Shark Finning Essay

Shark Finning Essay-12
Recent Australian research has shown that healthy shark populations are crucial to the health of coral reefs.

Recent Australian research has shown that healthy shark populations are crucial to the health of coral reefs.

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A number of scientific studies have demonstrated that the depletion of sharks results in the loss of commercially important fish and shellfish species down the food chain, including key fisheries such as tuna that maintain the health of coral reefs.

As important apex predators, sharks have shaped marine life in the oceans for over 450 million years and are essential to the health of our oceans, and ultimately to the survival of humankind.

Live shark finning, the practice of cutting the fins from live sharks and dumping the body, is illegal in all jurisdictions in Australia, thanks largely to AMCS campaigning with ocean lovers around the country.

However, the legislation differs between various states, the Northern Territory and the Commonwealth, which makes it very difficult to monitor fisheries compliance with shark finning legislation.

This is not about whether sharks are more important than people, its merely an understanding that future generations need healthy oceans and healthy oceans need sharks to maintain them.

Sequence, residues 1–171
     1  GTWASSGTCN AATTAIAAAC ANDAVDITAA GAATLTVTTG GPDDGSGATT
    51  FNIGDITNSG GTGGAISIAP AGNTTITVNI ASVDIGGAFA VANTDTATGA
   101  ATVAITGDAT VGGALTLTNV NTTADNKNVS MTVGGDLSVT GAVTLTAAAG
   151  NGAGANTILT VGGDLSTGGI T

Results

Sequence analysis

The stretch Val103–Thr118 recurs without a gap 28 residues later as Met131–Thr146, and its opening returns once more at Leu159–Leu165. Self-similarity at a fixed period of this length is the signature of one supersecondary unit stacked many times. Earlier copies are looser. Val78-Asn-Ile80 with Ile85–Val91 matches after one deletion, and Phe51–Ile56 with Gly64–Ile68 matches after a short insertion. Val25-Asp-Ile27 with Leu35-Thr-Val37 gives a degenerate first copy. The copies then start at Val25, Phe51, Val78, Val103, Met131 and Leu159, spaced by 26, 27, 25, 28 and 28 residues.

Sharks keep our oceans healthy, they are like the doctors of the oceans, removing the sick and the weak, they maintain the balance in our oceans.

Innovative approaches have been developed, such as a ‘clever buoys’ and shark tagging and monitoring, where tagged sharks “tweet” their location as they swim past underwater detectors.

We can use non lethal methods like these to help us avoid unnecessary shark attacks.

The shark’s critical role As the apex predators of the oceans, the role of sharks is to keep other marine life in healthy balance and to regulate the oceans. Other studies in Belize have shown reef systems falling into extreme decline when the sharks have been overfished, destroying an entire ecosystem.

Studies are already indicating that regional elimination of sharks can cause disastrous effects including the collapse of fisheries and the death of coral reefs. The downstream effects are frightening: the spike in grouper population (thanks to the elimination of sharks) resulted in a decimation of the parrotfish population, who could no longer perform their important role: keeping the coral algae-free and therefore reducing the oxygen quantities in our atmosphere.

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